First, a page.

2013 Luis M. Liz-Marzán

Luis M. Liz-Marzán got his doctoral title from the University of Santiago de Compostela (1992) and was postdoc at the Utrecht University, and more recently visiting professor at the Tohoku University; University of Michigan; University of Melbourne, and University of Hamburg, as well as at the Max Planck Institute of Colloids and Interfaces. 
    After holding a chair in Physical Chemistry at the University of Vigo, he is currently Ikerbasque Research Professor and Scientific Director of the Basque Centre of Cooperative Research in Biomaterials (CIC biomaGUNE), in San Sebastián. 
    Prof. Liz-Marzán serves as a Senior Editor of the ACS journal Langmuir since 2009 and is editorial advisory board member of several chemistry, nanotechnology and materials science journals. He has been President of the Division of Colloids and Interfaces of the Spanish Royal Society of Chemistry (2009-2013). He is co-author of more than 320 publications and 5 patents, with a high citation rate (current h-index = 71) and has received several national and international research awards, including an ERC Advanced Grant (2011-2016). His current interests include nanoparticle synthesis and assembly, nanoplasmonics, and development of nanoparticle-based sensing and diagnostic tools.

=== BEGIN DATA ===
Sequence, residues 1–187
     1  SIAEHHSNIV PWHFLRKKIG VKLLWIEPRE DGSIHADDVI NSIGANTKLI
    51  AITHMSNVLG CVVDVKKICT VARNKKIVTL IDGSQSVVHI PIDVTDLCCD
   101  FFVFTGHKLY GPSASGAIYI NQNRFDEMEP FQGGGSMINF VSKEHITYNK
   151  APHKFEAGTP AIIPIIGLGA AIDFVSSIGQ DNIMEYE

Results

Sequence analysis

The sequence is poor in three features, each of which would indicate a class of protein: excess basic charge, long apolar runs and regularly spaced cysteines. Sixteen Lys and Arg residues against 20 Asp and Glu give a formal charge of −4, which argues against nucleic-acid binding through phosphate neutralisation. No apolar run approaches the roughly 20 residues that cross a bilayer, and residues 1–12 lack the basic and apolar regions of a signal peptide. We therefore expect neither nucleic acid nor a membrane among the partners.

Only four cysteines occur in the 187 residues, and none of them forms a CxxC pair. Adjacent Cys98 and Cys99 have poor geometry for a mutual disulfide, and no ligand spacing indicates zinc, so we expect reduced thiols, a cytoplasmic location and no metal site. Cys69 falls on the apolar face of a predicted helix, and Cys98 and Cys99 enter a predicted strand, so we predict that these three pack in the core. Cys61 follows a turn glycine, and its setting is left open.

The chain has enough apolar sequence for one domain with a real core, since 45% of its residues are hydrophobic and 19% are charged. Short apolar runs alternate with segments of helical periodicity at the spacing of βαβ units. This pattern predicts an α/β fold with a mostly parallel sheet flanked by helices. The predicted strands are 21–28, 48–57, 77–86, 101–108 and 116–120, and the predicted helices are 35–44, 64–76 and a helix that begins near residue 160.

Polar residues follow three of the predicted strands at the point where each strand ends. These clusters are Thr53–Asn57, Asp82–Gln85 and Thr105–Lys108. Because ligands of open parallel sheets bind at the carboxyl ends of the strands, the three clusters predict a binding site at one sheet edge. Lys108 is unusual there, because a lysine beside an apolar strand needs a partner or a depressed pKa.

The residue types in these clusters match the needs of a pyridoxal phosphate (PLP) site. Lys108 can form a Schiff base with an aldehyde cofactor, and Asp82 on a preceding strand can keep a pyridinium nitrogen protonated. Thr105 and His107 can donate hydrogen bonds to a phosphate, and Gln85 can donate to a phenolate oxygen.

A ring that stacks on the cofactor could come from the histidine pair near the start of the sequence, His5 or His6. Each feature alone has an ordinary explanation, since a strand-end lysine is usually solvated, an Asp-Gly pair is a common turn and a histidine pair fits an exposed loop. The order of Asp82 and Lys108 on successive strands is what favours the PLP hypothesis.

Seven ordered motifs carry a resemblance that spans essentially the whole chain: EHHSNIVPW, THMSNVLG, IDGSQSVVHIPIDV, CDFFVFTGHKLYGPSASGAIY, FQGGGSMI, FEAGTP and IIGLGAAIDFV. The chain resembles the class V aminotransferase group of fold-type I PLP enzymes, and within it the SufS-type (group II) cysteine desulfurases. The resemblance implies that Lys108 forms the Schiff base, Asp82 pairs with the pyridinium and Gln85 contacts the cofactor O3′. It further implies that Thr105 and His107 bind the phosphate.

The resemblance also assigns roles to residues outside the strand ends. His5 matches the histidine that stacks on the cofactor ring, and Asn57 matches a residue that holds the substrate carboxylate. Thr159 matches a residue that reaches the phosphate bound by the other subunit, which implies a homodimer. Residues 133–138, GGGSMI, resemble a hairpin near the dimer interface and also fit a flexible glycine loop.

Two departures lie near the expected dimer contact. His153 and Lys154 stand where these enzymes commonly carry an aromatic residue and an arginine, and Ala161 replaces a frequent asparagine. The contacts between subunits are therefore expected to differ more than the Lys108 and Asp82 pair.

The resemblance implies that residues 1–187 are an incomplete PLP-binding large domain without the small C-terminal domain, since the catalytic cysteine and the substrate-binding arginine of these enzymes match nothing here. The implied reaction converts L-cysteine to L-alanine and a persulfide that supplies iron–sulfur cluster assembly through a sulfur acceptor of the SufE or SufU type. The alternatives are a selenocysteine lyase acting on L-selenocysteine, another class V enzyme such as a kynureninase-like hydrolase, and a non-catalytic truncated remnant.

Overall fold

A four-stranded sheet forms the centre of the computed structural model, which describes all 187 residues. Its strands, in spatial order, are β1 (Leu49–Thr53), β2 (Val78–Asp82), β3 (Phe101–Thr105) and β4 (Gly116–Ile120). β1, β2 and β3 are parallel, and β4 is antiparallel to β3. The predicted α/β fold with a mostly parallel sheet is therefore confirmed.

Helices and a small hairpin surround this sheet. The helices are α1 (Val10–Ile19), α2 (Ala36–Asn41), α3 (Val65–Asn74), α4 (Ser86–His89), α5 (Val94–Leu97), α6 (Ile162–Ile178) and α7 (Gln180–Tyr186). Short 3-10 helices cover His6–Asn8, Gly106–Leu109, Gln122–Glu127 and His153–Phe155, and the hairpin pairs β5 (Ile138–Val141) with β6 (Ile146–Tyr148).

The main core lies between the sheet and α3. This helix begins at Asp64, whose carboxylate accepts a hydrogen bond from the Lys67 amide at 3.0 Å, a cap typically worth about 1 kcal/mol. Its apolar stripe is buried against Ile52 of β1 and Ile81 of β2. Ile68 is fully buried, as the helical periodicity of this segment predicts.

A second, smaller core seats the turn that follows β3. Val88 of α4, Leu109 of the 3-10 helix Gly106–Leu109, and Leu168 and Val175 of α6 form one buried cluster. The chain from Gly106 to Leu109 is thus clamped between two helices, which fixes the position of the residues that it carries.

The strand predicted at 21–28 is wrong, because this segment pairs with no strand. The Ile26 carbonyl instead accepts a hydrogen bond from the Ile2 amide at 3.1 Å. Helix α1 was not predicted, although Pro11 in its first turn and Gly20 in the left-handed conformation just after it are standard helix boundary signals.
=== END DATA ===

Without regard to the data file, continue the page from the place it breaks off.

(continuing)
Prof. Liz-Marzán has a longstanding record in synthesizing nanoparticles, in special, metallic ones. Beyond synthesis, he concentrated more and more on unusual shapes and arrangement and calculated also their outstanding optical properties. These are distinguished by extremely high local fields which then enabled him to achieve extreme sensitivity in analytical chemistry. The Rhodia prize was awarded to him for his recent achievements in the Raman detection of individual molecules. Thus, he could detect even misfolding or scrambling of prions. In addition, he showed that clever arrangement of nanoparticles can lead to extremely sensitive optical antennae. 
    Prof. Liz-Marzán has many collaborative projects throughout Europe and has just been appointed scientific director of a rather young institute in the Basque country. He is also engaged in many European projects, partly as leader, partly as provider of nanoparticles. His work there is a strong line to understand processes, mechanisms, local fields and forces and finally to make use of specific properties. He is a leader in nanoscience, which is also reflected in the many awards he has received.